Top foreign policy officials from the United States and China spent most of the last weekend at the Munich Security Conference stressing that their governments were not seeking a new Cold War, but amid tense rhetoric and accusations, a chill across much of the world is already being felt.
Finding Perspective: The Munich gathering is Europe's premier foreign policy conference and has long been a mainstay for leading officials from the West and elsewhere to hobnob and take the pulse of the current world order.
This year's diagnosis was far from optimistic. While the West showed that it is perhaps more united now than in recent years and that support for Ukraine is entrenched -- a message reinforced by U.S. President Joe Biden's unannounced visit to Kyiv -- it's hard to shake the sense that the West remains more out of step than ever with the rest of the world and that the damage done by Russia's invasion of Ukraine can't be undone.
Rightly or wrongly, Beijing clearly believes the West is in decline and is now sensing an opportunity to shore up its rising global status.
In Munich, China was represented by top foreign policy official Wang Yi who projected a message of self-confidence and swagger to Western officials as he took aim at the United States and accused it of fueling the war in Ukraine.
Wang also said China would launch its own peace plan for ending the war and that it would underscore the need to uphold the principles of sovereignty, territorial integrity, and the UN Charter.
Those calls came as U.S. Secretary of State Antony Blinken said China may be preparing to give weapons and ammunition to Russia, which would mark a significant escalation in the war and Beijing's relationship with Moscow.
China has brushed the accusations aside but not denied them, saying Beijing "will never accept U.S. finger-pointing or coercion on China-Russia relations."
In interviews with German and Italian newspapers following the accusations from Washington, Ukrainian President Volodymyr Zelenskiy warned that China supplying weapons would result in a "world war," and that he hoped Beijing would refrain from doing so after making a "practical assessment."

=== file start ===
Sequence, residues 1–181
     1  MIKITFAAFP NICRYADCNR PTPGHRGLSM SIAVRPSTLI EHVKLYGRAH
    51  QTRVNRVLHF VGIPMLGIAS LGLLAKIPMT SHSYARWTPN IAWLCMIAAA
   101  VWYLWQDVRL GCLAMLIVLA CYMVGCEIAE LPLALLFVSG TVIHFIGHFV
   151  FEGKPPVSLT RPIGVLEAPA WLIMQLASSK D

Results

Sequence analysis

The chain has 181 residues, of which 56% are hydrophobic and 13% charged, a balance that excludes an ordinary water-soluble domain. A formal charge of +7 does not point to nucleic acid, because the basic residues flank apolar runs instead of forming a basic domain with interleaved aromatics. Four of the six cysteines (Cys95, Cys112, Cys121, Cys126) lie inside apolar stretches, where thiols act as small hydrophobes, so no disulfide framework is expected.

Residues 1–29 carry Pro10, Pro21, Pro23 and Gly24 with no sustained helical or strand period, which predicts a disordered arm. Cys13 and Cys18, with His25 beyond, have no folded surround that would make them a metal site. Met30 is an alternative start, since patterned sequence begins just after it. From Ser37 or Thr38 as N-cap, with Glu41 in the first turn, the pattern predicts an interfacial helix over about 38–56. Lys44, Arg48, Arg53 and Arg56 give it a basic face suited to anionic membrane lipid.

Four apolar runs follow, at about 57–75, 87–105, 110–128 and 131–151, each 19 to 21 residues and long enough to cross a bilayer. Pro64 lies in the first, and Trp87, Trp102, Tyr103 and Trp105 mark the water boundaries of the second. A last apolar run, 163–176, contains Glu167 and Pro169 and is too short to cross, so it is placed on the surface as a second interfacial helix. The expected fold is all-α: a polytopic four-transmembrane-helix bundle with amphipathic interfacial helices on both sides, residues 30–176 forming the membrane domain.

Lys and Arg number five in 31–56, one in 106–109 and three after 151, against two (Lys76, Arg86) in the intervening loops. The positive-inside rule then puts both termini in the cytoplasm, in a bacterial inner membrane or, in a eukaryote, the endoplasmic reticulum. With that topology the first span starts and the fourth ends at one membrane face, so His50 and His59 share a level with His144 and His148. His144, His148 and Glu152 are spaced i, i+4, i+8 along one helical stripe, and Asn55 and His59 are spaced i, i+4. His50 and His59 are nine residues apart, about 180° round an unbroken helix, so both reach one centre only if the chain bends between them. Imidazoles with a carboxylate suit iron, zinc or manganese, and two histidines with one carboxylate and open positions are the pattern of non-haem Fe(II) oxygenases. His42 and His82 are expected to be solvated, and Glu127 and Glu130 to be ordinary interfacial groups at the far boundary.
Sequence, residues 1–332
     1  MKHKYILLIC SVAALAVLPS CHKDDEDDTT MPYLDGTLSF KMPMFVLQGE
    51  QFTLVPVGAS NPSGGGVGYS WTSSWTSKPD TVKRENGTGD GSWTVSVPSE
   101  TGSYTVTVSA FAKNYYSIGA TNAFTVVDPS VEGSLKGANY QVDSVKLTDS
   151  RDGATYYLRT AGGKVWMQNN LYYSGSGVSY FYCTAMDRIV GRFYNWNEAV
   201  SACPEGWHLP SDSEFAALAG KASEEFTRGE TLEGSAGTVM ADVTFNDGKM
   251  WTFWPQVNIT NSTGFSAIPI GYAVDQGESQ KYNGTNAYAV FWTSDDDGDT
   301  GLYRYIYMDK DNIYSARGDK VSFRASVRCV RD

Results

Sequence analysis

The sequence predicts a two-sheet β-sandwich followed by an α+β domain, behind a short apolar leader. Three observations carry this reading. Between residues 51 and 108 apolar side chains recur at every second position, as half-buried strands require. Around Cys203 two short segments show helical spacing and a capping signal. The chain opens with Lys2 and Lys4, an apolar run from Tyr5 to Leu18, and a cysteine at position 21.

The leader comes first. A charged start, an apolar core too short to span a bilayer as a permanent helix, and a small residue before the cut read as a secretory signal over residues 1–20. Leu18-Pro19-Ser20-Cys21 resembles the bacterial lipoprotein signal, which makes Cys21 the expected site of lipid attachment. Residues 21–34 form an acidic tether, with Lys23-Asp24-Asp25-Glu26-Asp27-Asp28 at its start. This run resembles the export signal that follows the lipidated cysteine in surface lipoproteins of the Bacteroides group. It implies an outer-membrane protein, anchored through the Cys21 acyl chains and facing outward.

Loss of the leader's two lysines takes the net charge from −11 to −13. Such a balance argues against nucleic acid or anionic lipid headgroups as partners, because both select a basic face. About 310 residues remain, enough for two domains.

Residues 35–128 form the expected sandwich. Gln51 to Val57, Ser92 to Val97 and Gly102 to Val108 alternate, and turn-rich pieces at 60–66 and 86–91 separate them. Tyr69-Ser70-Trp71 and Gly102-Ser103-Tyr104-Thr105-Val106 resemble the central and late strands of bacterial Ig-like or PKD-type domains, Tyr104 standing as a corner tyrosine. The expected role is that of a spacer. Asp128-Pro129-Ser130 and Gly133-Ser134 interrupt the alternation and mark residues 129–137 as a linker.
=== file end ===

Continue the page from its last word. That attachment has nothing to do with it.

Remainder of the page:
Why It Matters: The United States has few good cards to play with China and, given the fallout from the Chinese spy balloon incident, a stabilization of relations isn't on the horizon.
Still, it's unclear if Beijing is willing to cross this threshold and suffer the consequences for explicitly supplying Moscow with weapons.
In the meantime, China's mention of a peace plan was met skeptically by U.S. and European officials, who largely see it as a move about optics as Beijing continues to up its standing across the Global South, where Chinese calls to portray the West as warmongers and itself as a peacekeeper have a receptive audience.
"China wants to be seen as very strong and as a leader of the global south and a peace promoter," a senior European Union official told RFE/RL. "[And] no, Europe is not wooed."
One Thing To Watch
It's hard to go a week without seeing new warnings from Western officials about Chinese intent to take over Taiwan. Such concerns are not unwarranted, especially as Chinese officials -- including Wang in Munich -- do little to dispel such fears.
But Colin Kahl, the Pentagon's undersecretary of defense for policy, recently offered a more sober assessment. In a recent interview with Defense News, he said that he doesn't "see anything that indicates [an invasion of Taiwan] is imminent in the next couple of years" and that Beijing is far more likely to pursue avenues beyond military force, such as political and economic pressure, in any attempt to annex Taiwan.
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